On Mandrake the Magician — and His Uncanny Doppelganger!

April 11 was the birthday of magician, mentalist, escape artist, ventriloquist, and all around instigator Leon Mandrake (Leon Giglio, 1911-1993).

Raised by his mother and an aunt in British Columbia, Mandrake was bitten by the magic bug early, studying the great masters like Thurston and Alexander when they came to play local vaudeville houses, occasionally running errands for them and asking them for pointers. By the time he was 11 he had made his own professional debut at the Edison Theatre, New Westminster B.C. Three years later he joined a carnival attached to the annual Pacific National Exhibition in Vancouver, where he learned the arts of mentalism, ventriloquism and fire-eating. At the age of 16, he toured with the large-scale magic show of Ralph Richards, a.k.a. The Wizard. By the ’30s he had hung out his own shingle and was getting booked on his own behalf.

Then, in 1934, this guy happened:

Leon had already been performing for a dozen years and was already rocking a look that consisted of a silk top hat, crimson cape, and pencil-thin mustache when Lee Falk debuted his new comic strip about a stage magician who uses his skills of mesmerism, levitation, invisibility, metamorphosis and teleportation to solve crime. Since he already looked like the character, Leon started using the name. The relationship between the two parties appears to have a symbiotic one rather than a rivalry — each party in essence generated free publicity for the other. The name “Mandrake” of course is a nod to the eponymous plant root, long used in magical ceremonies by Pagans.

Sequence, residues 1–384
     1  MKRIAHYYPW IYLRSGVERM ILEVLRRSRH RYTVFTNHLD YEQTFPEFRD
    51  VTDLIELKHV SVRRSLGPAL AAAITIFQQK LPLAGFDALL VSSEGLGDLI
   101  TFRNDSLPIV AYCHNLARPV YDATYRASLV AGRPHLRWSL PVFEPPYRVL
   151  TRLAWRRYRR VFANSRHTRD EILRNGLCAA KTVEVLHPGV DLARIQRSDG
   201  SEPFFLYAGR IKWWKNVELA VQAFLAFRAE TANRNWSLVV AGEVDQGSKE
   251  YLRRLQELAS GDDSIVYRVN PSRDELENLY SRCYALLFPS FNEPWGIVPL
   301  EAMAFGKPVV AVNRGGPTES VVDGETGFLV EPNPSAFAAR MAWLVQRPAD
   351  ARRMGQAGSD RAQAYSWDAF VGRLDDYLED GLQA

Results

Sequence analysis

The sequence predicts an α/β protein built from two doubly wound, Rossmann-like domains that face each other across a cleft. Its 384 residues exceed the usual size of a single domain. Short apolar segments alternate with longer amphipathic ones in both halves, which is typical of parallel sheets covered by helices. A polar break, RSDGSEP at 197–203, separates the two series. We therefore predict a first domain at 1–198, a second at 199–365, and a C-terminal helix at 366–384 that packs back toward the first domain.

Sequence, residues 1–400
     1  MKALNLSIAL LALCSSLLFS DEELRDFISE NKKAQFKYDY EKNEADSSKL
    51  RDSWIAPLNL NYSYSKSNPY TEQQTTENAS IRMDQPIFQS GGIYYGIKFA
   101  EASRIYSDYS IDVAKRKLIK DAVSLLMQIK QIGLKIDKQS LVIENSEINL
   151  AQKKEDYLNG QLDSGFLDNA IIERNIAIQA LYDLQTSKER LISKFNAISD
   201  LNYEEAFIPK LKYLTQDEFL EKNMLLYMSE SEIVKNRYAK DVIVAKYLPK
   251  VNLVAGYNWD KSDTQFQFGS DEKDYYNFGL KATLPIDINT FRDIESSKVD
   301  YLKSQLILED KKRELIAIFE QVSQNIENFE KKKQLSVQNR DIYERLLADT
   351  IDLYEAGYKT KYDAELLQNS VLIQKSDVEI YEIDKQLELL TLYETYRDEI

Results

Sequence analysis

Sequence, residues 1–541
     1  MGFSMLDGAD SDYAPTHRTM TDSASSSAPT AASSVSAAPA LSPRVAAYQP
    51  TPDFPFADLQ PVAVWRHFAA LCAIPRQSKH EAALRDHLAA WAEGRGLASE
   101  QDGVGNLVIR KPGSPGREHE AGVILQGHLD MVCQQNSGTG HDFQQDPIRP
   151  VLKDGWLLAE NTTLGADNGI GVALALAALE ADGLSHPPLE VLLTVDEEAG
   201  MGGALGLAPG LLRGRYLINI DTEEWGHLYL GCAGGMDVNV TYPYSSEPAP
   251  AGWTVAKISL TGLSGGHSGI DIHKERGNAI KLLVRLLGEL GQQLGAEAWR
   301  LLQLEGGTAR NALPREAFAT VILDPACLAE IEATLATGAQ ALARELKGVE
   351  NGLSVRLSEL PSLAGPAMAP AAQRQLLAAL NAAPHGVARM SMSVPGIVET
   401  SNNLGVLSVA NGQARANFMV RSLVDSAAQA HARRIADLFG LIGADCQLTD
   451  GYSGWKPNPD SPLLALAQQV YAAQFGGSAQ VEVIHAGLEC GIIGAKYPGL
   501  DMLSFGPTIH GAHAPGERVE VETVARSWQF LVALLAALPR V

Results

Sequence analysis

The two enterprises fed each other over the decades. In 1939, Leon married his assistant, who was named Narda after the character in the comic strip.

That same year Columbia Pictures released a movie serial based on the comic strip, with Warren Hull as the titular mage. A radio series ran from 1940 through 1942.

In the ’40s, as vaudeville and other theatres had evaporated as venues, Leon Mandrake began performing more in nightclubs. In 1946, Nardo left his life and his act. His new wife and onstage assistant became Louise Salerno, renamed “Velvet”, who had previously been Blackstone’s assistant. Though already one of the top box office draws in the country, Mandrake bought up the late Alexander’s props and equipment after he died in the mid ’50s, and sometimes performed under that name as well.

By the ’60s, nightclubs too had largely vanished from the landscape, and Mandrake performed mostly at fairs, carnivals, conventions, colleges and the like. He performed his last show in 1985. The comic strip ended in 2013.

To learn more about vaudeville, please see No Applause, Just Throw Money: The Book That Made Vaudeville Famous